Scott asked him to discuss his famous book, "The Tipping Point". He talked about the difference between the rides of William Dawes and Paul Revere. They both had the same idea, telling people the British were coming, but Dawes' ride produced no outpouring of volunteers while Revere's did. It seemed that the way the message was carried mattered, not just the idea itself. (Revere was a well-known citizen, Dawes was little known; and Revere knew who the influential people were to tell in each city, Dawes did not. As one person said, "Better Rolodex.") There are the concepts of "Mavens, Connectors, and Salesmen" in his book.

He then went on to talk about the fall of the Hummer SUV. In 2000-2001 every car company had to say they were working on something like it. Not now. Not all new ideas have strong roots in society to keep them going. He also talked about French Fries and the oil that makes them taste good, and why we switch to worse tasting oils for reasons that don't seem reasonable.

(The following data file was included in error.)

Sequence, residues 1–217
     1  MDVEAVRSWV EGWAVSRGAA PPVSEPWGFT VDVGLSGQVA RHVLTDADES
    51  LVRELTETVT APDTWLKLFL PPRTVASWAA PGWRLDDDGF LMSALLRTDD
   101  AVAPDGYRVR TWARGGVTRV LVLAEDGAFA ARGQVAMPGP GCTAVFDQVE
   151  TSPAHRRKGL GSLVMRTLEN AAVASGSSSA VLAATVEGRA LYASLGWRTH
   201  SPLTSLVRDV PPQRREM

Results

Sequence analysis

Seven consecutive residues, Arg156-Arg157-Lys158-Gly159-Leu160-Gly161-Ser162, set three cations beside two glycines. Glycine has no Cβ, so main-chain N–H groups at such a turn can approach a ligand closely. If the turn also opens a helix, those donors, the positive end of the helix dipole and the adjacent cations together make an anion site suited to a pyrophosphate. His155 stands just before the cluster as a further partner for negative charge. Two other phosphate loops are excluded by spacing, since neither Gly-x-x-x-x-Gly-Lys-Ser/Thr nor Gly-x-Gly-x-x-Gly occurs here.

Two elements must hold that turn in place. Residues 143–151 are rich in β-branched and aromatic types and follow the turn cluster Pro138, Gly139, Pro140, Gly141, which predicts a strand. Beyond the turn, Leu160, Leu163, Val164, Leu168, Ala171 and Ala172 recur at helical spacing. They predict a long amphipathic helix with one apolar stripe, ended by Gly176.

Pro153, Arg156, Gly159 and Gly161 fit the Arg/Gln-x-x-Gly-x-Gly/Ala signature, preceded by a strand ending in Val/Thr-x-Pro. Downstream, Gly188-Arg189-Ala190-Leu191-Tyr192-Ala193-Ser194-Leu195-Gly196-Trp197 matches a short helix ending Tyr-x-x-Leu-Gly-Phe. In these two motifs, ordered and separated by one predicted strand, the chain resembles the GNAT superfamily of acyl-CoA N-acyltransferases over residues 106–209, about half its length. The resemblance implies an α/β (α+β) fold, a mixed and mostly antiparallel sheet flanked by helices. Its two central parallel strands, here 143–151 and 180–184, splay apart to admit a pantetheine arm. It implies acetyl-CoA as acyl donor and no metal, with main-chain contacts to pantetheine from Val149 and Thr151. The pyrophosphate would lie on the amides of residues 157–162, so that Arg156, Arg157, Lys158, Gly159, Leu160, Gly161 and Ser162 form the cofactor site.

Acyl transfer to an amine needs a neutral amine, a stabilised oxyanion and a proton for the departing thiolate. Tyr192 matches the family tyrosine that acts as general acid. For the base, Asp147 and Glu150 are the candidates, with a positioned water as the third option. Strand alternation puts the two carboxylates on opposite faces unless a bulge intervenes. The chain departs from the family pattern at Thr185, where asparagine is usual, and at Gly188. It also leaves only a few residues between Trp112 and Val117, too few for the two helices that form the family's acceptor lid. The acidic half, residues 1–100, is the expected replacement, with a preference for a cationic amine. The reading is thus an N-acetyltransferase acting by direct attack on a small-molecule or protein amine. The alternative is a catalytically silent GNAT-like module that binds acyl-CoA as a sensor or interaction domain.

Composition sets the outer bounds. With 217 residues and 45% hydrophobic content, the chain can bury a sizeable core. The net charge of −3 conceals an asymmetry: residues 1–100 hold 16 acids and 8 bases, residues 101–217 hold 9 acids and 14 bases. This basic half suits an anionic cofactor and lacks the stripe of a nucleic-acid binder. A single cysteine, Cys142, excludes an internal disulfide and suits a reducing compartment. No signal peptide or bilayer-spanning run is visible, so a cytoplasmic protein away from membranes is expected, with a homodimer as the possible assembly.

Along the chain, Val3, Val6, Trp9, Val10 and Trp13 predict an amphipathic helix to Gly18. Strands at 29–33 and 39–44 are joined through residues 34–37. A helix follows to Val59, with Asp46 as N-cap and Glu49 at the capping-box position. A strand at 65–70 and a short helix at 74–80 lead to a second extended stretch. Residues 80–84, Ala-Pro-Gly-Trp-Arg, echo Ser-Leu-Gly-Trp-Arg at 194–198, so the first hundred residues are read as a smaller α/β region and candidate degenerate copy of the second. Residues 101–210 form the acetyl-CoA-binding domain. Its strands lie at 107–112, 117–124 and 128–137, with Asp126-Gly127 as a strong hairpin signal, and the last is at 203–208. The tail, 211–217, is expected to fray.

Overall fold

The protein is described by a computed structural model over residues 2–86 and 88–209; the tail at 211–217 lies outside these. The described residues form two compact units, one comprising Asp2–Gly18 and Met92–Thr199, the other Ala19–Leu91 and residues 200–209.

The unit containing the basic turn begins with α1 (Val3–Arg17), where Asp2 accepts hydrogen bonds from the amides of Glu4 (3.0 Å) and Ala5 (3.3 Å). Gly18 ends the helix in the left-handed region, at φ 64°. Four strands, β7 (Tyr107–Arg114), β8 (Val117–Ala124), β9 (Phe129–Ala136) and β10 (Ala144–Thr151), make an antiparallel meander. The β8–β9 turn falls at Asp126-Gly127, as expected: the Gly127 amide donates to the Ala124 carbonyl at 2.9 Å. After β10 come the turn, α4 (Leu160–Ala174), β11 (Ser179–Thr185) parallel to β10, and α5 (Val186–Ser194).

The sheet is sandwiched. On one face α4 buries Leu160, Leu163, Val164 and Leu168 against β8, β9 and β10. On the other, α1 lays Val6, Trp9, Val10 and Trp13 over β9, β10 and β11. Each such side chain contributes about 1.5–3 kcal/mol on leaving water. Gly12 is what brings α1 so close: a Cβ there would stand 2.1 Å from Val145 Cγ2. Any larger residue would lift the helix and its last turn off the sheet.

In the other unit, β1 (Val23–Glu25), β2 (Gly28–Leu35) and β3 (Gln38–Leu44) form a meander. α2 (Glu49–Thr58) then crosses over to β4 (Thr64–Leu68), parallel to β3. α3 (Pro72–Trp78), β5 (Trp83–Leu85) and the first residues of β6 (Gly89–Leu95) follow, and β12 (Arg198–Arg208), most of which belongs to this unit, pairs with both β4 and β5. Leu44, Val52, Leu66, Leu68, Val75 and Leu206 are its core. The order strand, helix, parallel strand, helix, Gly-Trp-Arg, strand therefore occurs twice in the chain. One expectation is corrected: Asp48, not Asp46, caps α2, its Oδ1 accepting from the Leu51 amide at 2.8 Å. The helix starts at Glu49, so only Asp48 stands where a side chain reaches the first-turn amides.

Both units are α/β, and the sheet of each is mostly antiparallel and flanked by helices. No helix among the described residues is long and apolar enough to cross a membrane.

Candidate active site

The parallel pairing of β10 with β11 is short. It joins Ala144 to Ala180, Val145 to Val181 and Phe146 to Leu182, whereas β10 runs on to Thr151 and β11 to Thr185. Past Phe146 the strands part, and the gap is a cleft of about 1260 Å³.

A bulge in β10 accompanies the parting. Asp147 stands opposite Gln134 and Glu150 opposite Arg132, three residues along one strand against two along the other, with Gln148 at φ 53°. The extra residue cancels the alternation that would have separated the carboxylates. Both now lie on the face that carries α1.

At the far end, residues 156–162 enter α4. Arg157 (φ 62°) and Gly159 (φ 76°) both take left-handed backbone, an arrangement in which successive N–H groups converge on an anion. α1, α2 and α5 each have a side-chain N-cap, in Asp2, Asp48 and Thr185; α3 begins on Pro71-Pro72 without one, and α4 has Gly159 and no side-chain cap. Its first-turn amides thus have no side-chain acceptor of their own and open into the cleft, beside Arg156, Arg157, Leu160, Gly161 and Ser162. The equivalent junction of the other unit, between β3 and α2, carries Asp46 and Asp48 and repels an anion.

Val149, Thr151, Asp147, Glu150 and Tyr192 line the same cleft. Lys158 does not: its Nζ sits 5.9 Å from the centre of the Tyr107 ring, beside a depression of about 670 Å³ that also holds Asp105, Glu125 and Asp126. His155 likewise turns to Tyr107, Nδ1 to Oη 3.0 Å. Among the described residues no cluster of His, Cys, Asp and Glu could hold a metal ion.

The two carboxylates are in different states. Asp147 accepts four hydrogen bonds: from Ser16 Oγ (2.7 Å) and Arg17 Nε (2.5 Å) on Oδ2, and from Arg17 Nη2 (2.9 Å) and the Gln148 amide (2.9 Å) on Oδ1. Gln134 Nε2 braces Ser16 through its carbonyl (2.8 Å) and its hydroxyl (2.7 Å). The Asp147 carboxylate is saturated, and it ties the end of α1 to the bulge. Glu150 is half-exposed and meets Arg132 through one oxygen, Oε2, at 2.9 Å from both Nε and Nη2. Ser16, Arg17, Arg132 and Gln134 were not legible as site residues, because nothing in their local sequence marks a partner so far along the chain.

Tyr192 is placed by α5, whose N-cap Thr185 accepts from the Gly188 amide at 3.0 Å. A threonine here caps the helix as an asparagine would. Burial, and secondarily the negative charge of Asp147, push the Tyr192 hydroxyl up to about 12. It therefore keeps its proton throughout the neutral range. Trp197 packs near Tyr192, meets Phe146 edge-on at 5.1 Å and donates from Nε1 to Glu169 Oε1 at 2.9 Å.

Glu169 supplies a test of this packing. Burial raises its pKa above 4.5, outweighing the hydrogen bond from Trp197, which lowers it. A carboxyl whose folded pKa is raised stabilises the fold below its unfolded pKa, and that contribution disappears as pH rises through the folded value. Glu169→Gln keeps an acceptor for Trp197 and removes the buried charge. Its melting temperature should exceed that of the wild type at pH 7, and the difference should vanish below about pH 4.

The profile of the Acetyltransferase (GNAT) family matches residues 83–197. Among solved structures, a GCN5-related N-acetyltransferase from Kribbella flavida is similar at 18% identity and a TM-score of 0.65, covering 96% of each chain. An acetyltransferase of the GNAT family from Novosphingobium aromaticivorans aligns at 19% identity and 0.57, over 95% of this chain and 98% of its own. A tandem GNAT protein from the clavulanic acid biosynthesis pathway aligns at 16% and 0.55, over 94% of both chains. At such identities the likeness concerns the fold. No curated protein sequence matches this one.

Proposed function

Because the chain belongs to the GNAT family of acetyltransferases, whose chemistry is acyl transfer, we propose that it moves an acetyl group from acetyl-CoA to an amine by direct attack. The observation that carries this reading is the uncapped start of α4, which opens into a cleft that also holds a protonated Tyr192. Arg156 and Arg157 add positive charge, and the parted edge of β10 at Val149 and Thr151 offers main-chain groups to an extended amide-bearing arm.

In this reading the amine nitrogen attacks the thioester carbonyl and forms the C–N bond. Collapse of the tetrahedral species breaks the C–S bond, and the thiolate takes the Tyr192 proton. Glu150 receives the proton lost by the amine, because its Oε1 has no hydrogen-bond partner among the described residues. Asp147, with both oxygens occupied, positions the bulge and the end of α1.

Scott then asked about technology, etc., including weblogs. Malcolm said that he reads several, including the New York-centric Gawker and one oriented to pharmaceutical houses. He sees blogs as a "wonderful form", but that we have to sort the information.

Technology, he says, raises questions it can't answer. He talked about cancer. Mammography gives us a type of breast cancer that can only be found on x-rays. Because we see them, we treat them, but it's unclear if that is cutting down the number of bad cases of breast cancer the little ones are supposed to be a precursor to. The diagnostic tools become the definition of the disease. Full body MRI of normal people he sees as a bad idea. Most cancers don't progress -- better to learn how to fix things after they progress.